History of Inglis, Manitoba
In the summer of 1919 the C.P.R., which came as far as Russell, started negotiations for a right of way north. After several surveys, they started building. In the fall of 1921 the grade was finished to the farm of W.N. Berrington, section 36-22-28. The rails were laid to a siding named Cracknell, six miles north of Russell where elevators had been built. The next year the rails were laid to the end of the line the village of Inglis, in 1922.
At this time there were four elevators U.U.G. – Alex McKay, Northern – Mr. Minchell, Lindsay – Sid Grant and the M.N. Patterson – Scotty Hanson. A combined Pool Hall and Barber Shop was built Andy Fusty. A station, Jim Delemar’s Livery and Dray, Smellie’s store, Buie and Tom’s Lumber Yard and Wes McIntosh’s Garage were built. A Hardware Store was built by Adolf Siefert, which was sold to Percy Green late in the fall. C.A. Crawford moved his store from Cracknell at this time Roy Breckenridge’s house was built.
The next summer A. Siefert built the Massey-Harris Implements and a hall. Early in the spring of 1923 the United Church was moved from Asessippi. A hotel was built by Angus Woods and a butcher shop by A. Werschler in the same year. Thos. McLennan built a combined Post Office and living quarters.
On October 1, 1923 a meeting was called about a school. The first trustees were T. McLennan, chairman, W.G. Bradley, sec.-treas., G. Smellie and W. L. McIntosh. On October 8, the trustees asked for permission to use the United Church as a school. On December 15, the services of Miss McLean were engaged as teacher for Inglis School District No. 2107.
A cafe was built by Fong and Lee in 1924. In 1925 there was a Curling Rink built of poles with a straw roof and a small shed for a waiting room. The next year a board fence was put up and a place for skating. This same year there were two blacksmiths, John Niels and Jack McDonald. Two fires occurred during this year at the hall and the UGG elevator.
- G. Smellie sold out to A. Snieder. Another store was built where the Post Office inow stands. The Bank of Toronto was also built. In 1927 a new Community Hall was built by subscriptions and shares.
In 1929 the rink was moved and rebuilt – two sheets for curling and an open air skating rink. A Hockey Club was formed with Len Berrington, manager, Paul Niels, coach, Morris Shnieder, sec.-treas., C. A. Crawford, and A. Shnieder, patrons.
In the following years there were many changes. New people were moving in and two fires took stores. A picture theatre was built in 1946 by Nestor Holunga, Donnelly’s Garage was also built at this time and electrical power came to town in 1947.
In 1945 the Lutheran Trinity Church was built. This was by a congregation, mostly of Polish descent, from the south east of Inglis. In 1951 the Lutheran Bethany congregation moved their church from Freefield, five miles east of town to the present site.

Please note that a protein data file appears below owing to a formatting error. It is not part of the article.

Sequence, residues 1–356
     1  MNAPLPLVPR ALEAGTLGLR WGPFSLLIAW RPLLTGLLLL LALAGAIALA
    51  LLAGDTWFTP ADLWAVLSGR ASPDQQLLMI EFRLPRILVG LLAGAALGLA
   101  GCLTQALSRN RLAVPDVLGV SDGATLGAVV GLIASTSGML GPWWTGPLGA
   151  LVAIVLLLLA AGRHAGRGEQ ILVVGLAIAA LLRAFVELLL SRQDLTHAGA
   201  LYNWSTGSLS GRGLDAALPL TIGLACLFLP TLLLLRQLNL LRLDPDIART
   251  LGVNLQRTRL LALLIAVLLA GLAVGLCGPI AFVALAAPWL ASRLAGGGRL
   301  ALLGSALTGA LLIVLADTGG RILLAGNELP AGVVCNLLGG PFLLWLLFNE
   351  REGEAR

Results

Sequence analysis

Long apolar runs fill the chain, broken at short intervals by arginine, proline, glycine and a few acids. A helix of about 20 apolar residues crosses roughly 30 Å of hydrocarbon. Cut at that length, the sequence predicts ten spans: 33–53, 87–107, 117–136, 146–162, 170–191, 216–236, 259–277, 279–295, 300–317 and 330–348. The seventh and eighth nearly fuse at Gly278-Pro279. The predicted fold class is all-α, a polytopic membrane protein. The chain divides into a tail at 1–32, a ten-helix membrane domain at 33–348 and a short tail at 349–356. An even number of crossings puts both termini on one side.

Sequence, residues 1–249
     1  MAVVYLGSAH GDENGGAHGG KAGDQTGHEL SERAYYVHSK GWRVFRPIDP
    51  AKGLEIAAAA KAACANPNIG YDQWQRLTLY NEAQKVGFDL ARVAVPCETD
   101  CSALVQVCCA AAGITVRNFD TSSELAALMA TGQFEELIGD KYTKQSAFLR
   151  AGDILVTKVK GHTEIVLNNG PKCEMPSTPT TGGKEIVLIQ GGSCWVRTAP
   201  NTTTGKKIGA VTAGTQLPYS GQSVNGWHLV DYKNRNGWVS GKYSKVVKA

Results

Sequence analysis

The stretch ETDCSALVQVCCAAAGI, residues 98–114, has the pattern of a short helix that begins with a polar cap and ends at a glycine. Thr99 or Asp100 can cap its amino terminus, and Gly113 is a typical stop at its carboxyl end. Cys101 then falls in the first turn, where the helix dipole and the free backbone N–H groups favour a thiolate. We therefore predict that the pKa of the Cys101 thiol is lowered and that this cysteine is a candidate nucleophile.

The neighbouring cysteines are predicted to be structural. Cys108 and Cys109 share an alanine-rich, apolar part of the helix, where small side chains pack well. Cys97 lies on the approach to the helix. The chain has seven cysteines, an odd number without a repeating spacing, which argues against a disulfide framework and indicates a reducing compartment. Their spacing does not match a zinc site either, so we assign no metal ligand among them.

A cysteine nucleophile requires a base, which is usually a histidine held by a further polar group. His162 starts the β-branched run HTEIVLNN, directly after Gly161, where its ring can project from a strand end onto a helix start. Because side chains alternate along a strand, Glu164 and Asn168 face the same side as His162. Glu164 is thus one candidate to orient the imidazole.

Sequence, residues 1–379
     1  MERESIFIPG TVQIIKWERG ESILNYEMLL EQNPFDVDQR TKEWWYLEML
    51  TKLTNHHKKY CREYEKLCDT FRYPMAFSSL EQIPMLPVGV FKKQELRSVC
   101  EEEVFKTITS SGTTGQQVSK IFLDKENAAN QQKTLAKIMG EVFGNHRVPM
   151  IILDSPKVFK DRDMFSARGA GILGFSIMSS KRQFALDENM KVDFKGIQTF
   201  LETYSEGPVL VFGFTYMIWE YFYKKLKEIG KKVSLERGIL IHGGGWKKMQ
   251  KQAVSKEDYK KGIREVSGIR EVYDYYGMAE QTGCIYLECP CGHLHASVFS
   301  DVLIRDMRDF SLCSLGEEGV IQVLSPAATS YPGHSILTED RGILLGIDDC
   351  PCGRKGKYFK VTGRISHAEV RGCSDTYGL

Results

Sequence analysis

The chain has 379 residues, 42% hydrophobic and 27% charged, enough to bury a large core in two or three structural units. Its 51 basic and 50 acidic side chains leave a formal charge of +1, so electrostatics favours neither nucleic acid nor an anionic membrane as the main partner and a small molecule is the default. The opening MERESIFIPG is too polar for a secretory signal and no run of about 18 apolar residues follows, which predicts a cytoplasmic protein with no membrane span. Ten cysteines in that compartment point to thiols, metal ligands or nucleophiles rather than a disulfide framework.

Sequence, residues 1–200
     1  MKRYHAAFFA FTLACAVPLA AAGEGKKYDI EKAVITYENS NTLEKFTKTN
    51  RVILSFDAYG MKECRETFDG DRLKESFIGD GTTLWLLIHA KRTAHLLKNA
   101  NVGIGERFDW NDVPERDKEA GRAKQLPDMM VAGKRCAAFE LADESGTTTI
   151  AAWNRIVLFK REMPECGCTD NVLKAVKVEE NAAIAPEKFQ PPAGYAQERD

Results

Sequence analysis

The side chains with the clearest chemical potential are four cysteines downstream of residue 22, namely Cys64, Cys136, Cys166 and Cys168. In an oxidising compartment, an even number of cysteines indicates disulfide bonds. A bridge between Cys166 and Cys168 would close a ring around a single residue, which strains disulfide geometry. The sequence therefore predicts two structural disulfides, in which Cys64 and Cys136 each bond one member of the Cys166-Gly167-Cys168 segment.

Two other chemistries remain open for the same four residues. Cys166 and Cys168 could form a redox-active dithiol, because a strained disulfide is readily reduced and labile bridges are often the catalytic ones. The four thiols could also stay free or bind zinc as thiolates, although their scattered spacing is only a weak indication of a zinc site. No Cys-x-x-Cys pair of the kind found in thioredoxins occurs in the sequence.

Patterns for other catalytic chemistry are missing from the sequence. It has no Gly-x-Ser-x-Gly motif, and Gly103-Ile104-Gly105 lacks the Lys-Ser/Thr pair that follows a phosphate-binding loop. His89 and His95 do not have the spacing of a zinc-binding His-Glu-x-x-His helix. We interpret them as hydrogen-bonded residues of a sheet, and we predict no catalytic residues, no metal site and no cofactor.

In March 1952 a meeting was held in the Community Hall to start a Community Club. The first officers were J. W. McKenzie, pres., and S. M. Spidell, sec. treas. The Home and School was formed in March 1950. The first officers were – Mr. G. Baynton, pres., Mrs. H. Lorimer, sec. treas.
At a meeting in Lorimer’s Garage on February 7, 1951 the building of a new rink was discussed and a building committee was formed. Money was raised by the Men’s Curling Club and the Home and School. Work was started on the new rink on August 17, 1953. It was officially opened on December 11, 1953.
Inglis was established as a Village on January 1, 1956.The Village Committee was A. D. Ziprick, H. Lorimer, H. Liske, and J. W. McKenzie sec. treas.
On the first of May the Inglis and District Credit Union Society received their Charter of Incorporation. The ten Charter members were E. Ziprick, S. C. Jackson, H. J. Ziprick, A. Zimmer, E. Zimmer, E. Mench, P. J. Gaber, J. W. McKenzie, H. Liske, and A D Ziprick.
In the summer of 1958 the Inglis and District Chamber of Commerce opened the Asessippi Beach and the current hall was built as a Centennial project in 1967. Asessippi Beach is owned and operated privately however, the hall is operated through the Inglis and District Community Club.
Today Inglis is noted for the Inglis Elevators National Historic Site and benefits from its close proximity to the Asessippi Ski Hill and Winter Park and Asessippi Provincial Park.
How Inglis Was Named
In December of 1993, a letter was written to Mr. Earl Jackson from a Mr. Lawson S. Inglis from Winnipeg. In his letter he spoke of his grandfather – Robert James Inglis – a Scotchman from Montreal, Quebec who specialized in tailoring uniforms. One of Robert’s biggest customers was the CPR railway. He made all of the uniforms for them all around the country, as well as suits and clothing for the executives of the railway. Our town came to be named after Robert, due to the close association of his tailoring business and the CPR Railway. The letter also says that the “Inglis” family came from the lowlands of Scotland and that the name itself, simply means “English”. While most people pronounce it “Ingliss”, the correct way is “Ingles”.
Pictures of Inglis
Town Site of Asessippi
In 1883 a dam was built across the Shell River, along with a flour mill, shingle factory and saw mill forming the community of Asessippi. This was followed by the construction of a cheese factory built above the valley and brick factory along Bear Creek in the early 1890’s. In 1902 it was learned that the railway would not come through Asessippi and shortly after the village became a ghosttown.
View of old Asessippi townsite.